bothersome out in the world, and social anxiety would go down in people, increasing

communication with people with social anxiety.

In this paper we explored detection, effects, and treatments of social anxiety. Social

anxiety is everywhere, and is becoming an increasingly worse problem among people. It shows

up in many different forms, and in such a wide variety of people, that it’s a great thing to

continue to explore where it comes from as well as how it can be reduced. Many of us today

would have a much harder time getting everyday tasks done if it weren’t for the studies that we

have done in hopes to lessen social anxiety. This increases the productivity and lessens anxiety in

people with socialized anxiety. I would like to further explore social anxiety, and how it stems

from generalized anxiety and comes to be in adolescents in another paper at a later time.


Franzoni, S. (2016). Social Psychology. PVT Publishing, LLC. 403-412.

Havranek, M., Volkart, F., Bolliger, B., Roos, S., Buschner, M., Mansour, R., Chmielewski, T.,

Gaudlitz, K., Hättenschwiler, J., Seifritz, E., Ruch, W. (2017). The fear of being laughed

at as additional diagnostic criterion in social anxiety disorder and avoidant personality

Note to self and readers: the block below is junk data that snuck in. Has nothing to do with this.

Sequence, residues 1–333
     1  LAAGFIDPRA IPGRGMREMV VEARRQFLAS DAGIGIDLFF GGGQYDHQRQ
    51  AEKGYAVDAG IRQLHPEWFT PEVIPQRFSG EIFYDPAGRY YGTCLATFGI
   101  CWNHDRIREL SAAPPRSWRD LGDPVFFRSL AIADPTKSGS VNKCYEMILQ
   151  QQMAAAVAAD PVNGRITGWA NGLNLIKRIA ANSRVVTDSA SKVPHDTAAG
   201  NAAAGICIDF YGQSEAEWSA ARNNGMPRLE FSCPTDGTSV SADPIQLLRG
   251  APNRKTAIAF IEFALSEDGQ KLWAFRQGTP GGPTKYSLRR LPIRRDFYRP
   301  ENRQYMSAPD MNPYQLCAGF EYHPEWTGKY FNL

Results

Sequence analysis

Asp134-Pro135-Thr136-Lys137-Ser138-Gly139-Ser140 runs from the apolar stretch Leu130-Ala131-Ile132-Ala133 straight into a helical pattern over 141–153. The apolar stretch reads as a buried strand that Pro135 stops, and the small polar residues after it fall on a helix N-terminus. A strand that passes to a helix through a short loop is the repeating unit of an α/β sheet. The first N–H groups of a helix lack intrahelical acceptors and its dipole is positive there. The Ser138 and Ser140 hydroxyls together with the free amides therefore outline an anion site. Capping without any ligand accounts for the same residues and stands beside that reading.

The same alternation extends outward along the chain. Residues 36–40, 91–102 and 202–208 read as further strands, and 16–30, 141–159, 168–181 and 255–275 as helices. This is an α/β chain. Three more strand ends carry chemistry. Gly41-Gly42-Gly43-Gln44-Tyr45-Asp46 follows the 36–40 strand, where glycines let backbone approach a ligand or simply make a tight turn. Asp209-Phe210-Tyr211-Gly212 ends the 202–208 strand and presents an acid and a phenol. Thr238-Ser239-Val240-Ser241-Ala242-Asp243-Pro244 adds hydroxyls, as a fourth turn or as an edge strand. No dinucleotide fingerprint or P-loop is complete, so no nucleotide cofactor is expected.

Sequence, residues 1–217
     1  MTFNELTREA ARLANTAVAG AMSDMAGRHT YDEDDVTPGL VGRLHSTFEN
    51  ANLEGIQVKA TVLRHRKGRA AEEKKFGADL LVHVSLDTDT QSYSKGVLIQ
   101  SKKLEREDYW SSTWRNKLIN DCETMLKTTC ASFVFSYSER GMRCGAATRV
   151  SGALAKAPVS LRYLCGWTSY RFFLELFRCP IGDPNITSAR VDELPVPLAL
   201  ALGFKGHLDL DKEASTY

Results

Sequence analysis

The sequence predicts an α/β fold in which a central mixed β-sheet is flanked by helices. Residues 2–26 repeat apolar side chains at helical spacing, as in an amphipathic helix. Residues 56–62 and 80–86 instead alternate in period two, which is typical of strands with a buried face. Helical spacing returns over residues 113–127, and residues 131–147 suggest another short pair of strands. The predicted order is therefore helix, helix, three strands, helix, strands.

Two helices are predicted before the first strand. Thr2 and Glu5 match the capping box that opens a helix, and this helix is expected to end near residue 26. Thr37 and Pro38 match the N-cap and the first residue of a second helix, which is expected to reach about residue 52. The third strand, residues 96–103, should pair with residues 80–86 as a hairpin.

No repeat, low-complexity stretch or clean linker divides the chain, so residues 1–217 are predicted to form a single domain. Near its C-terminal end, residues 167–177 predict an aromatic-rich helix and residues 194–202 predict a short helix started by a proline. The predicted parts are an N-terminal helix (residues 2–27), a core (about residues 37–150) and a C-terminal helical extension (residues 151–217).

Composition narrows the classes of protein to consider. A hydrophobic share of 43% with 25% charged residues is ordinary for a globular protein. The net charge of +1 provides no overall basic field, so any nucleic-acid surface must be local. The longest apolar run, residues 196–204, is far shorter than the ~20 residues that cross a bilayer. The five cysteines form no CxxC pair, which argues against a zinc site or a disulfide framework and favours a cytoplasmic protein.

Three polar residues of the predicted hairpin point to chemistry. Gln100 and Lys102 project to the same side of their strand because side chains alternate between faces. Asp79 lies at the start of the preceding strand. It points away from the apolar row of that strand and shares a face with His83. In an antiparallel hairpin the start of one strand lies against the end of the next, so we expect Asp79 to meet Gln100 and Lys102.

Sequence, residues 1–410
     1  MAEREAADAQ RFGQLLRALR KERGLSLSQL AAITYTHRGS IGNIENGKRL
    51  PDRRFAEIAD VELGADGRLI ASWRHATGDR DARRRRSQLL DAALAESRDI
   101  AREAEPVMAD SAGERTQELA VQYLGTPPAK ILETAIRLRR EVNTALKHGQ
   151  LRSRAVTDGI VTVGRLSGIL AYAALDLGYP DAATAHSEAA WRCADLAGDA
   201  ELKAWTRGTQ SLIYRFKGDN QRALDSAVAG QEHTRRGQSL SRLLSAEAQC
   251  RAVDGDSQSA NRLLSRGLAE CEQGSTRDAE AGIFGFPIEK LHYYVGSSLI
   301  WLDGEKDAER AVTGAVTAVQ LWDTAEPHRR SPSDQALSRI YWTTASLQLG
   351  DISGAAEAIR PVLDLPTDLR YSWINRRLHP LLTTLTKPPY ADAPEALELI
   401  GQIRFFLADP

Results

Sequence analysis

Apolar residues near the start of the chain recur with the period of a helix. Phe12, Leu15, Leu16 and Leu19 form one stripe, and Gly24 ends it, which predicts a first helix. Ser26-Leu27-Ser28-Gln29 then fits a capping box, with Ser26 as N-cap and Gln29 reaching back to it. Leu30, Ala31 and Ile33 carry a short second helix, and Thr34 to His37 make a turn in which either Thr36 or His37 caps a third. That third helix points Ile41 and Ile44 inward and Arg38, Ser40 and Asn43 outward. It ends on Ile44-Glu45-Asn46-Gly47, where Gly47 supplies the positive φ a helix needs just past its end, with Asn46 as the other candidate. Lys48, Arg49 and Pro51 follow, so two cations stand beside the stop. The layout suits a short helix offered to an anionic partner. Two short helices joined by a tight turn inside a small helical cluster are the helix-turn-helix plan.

disorder? PLoS ONE, 12.(11), 1-11.

Iverach, L., Rapee, R., Wong, Q., Lowe, R. (2017). Maintenance of social anxiety in stuttering: a

cognitive-behavioral model. American Journal of Speech-Language Pathology,26 (2),


Khaelghi, N., Amiri, M., Taheri, E. (2017). Effectiveness of group reality therapy on symptoms

of social anxiety, interpretation bias and interpersonal relationships in adolescents.

Journal of Fundamentals of Mental Health, 19.(2), 77-83.

Rudaz, M., Ledermann, T., Margraf, J., Becker, E., Craske, M. (2017). The moderating role of

avoidance behavior on anxiety over time: Is there a difference between social anxiety

disorder and specific phobia? PLoS One, 12.(7), 1-14.

Seema, G., Venkatesh, K. (2017). Self-esteem and social anxiety in adolescent students. Indian

Journal of Positive Psychology, 8.(3), 435-439.

Wiltink, J., Ruckes, C., Hoyer, J., Lieschenring, F., Joraschky, P., Leweke, F., Pöhlmann, K.,

Beute, M. (2017). Transfer of manualized Short Term Psychotherapy (STPP) for social

anxiety disorder into clinical practice: Results from a cluster-randomized controlled trial.

BMC Psychiatry 17, 1-11.